illustration by Brianna Ashby

Every Christmas Eve, my family gathers at my aunt’s house. As is customary in Portugal, we eat bacalhau, or codfish, and wait for the clock to strike midnight so we can open our presents and go home to finally get some sleep. After keeping such late hours, our Christmas Day lunch—which features borrego, or lamb—doesn’t start before three o’clock in the afternoon. By then, each and every year without exception, there is at least one channel on Portuguese TV that’s airingThe Sound of Music, and so, each and every year without exception, we sit at my aunt’s table devouring lamb to watch it.

And yet I always forget that the film opens with shots of the Austrian Alps, before the camera descends upon a twirling-in-the-grass-as-if-she-were-starring-in-a-Terrence-Malick-movie Julie Andrews. We’re informed—through song and choreographed dance, of course—that she, Maria, nun-in-training, is a problem: “unpredictable as weather,” and “flighty as a feather.” Her Reverend Mother believes that what innocent Maria needs is to be tempted by the ways of the secular world, so she sends her to the service of the Von Trapp family, a Captain and his seven motherless children (motherless not by some miracle of Immaculate Conception but rather by the tragedy of Mrs. Von Trapp’s untimely demise.)

Soon, Maria is falling in love with this man who leaves his children running all over the countryside to go spend time in Vienna bedding the millionaire-by-widowhood, Baroness Schraeder. Still, one hour and twenty minutes into the film, he’s singing “Edelweiss” and clearly reciprocating Maria’s love, which everyone seems oblivious to except for the Baroness, who cunningly embarrasses Maria into fleeing back to the Abbey. At this point, the “Intermission” title card appears on the screen and the TV channel broadcasting the film goes into a commercial break.

By then, my family has sung along to several numbers. We normally begin with “Sixteen Going on Seventeen,” my father and I murdering the melody, stopping only to cast aspersions on Rolfe’s subtextual sexual inclinations (suspiciously away from Liesl, the attractive Von Trapp daughter). Then, as thunder roars through the Von Trapp residence, scaring the children into Maria’s bedroom, my two cousins join me to sing with Maria as she instructs her wards to clear their minds of all that’s worrisome in the world by remembering their “Favorite Things.”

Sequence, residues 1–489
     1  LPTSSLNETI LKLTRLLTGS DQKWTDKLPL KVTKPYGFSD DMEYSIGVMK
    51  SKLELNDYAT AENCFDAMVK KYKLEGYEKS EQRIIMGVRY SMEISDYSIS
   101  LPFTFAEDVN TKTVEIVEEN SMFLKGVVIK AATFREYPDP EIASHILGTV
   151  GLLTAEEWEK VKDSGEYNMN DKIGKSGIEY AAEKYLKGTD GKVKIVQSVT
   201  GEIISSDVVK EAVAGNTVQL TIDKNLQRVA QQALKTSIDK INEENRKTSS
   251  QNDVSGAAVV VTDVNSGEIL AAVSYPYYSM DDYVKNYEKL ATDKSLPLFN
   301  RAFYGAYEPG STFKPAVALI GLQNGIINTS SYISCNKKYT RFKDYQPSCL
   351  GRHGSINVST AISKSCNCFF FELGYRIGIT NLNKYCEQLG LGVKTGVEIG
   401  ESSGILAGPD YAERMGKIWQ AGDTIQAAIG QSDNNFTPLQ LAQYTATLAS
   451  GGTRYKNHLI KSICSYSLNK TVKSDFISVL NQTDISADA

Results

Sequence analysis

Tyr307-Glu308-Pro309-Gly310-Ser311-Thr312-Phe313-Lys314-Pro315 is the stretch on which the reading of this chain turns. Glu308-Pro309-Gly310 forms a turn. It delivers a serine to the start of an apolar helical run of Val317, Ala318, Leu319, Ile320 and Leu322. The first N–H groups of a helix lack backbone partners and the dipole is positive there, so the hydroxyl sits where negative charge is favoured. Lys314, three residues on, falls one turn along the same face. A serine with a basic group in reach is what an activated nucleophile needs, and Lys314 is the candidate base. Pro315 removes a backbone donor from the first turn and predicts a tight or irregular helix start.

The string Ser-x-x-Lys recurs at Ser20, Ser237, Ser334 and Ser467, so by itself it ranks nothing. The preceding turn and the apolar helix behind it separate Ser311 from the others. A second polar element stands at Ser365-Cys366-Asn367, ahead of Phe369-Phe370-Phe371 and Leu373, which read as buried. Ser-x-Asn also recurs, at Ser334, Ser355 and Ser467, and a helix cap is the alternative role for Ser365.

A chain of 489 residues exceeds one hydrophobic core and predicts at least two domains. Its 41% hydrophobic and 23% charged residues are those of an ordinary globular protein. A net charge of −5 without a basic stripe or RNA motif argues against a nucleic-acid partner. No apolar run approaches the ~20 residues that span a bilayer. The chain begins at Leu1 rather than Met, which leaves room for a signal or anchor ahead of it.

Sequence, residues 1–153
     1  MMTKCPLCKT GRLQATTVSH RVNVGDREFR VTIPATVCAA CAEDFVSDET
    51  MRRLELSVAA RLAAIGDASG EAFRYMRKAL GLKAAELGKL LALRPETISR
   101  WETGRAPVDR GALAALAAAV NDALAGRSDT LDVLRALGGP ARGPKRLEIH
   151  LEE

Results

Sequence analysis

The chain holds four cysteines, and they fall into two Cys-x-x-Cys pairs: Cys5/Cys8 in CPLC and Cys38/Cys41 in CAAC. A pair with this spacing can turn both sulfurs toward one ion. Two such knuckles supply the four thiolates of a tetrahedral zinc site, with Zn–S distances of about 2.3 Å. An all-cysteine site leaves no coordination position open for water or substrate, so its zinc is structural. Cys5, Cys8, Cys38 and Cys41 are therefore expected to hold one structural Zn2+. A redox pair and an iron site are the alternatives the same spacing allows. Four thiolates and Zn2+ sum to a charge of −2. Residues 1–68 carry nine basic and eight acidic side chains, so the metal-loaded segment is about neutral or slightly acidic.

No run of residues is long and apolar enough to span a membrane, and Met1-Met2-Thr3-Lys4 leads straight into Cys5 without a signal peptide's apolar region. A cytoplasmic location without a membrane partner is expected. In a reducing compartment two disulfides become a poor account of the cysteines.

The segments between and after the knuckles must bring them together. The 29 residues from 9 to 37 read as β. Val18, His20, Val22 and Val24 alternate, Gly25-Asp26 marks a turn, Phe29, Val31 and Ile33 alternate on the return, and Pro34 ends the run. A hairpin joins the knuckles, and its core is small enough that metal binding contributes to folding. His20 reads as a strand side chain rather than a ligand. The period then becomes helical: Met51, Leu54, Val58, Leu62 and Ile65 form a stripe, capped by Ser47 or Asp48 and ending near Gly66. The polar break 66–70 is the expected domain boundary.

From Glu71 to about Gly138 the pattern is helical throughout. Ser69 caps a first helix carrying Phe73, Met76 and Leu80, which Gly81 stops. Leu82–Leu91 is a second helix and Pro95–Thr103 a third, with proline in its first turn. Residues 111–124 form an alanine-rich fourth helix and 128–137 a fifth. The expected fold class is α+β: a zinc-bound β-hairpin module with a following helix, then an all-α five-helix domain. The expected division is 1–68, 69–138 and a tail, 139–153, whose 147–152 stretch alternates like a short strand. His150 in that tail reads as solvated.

And, every year, without exception, my mother is consumed by the urge to accompany Andrews as she sings “Do-Re-Mi.” The problem is that, contrary to the song’s message, my mother doesn’t actually know the notes to sing. It is not an indictment of my writing abilities that I find myself unable to describe how awful her voice sounds; rather, it’s a testament to the fact that my mother’s singing is beyond the human race’s capacity to contemplate.

It’s Christmas. No one should have to suffer through that.


There’s an old Pearl Jam song called “Let Me Sleep (It’s Christmas Time)”. “When I was kid,” the chorus goes, “how magic it seemed, oh let me sleep, it’s Christmas time.” What had seemed “magic” to Eddie Vedder’s childhood self had, by his early adult years, become something so alien, something so long lost, that all he now wants for Christmas is to stay asleep. And, as much as I enjoy being with my family on Christmas Eve and Christmas Day, these are sentiments I, too, now sadly feel every year.

Everyone, I would guess, goes through this: Christmas nowadays is essentially a festivity for kids and, when we grow up, most of us lose at least some of the sense of its specialness. If we do manage to recover any of our childlike wonder, it’s mostly through watching the children in our families demonstrate it anew, discovering the traditions we love. We become spectators of Christmas joy, not true participants. We grow up, and what was once “the most wonderful time of the year” becomes, if we’re lucky, another relatively pleasant family event, or, if our worst fears come true, an occasion in which we’re constantly reminded by the culture around us of how happy we should be, but aren’t.

In one of his Letters from America, Alistair Cooke tells a story about his four-year-old grandson Adam, and how, by Christmas morning 1976, he was already out with the skis he had received the year before, prompting Cooke to observe how “extraordinary” Adam’s childhood was, how “all the life Adam knows” was one of being out “at 4”, skiing in Vermont. But then Cooke adds a bit of melancholy.

“One day,” Cooke writes, “he will grow up and, I’m afraid, taste of the forbidden fruit. One day, he will read the New York Times. And Adam will be out of the Garden of Eden, out of Vermont, for ever.”

When I was a kid, I spent all of Christmas Eve watching the clock. I couldn’t wait until it was midnight so that I could open my gifts and, since I was the youngest child, my whole family was almost as eager to see my reaction as I was to tear up the wrapping paper that stood between me and my new toys. On the 25th, even though I’d gone to bed very late the night before, I woke up early just so I could get my hands on those presents and eat the cookies my grandmother gave me every year.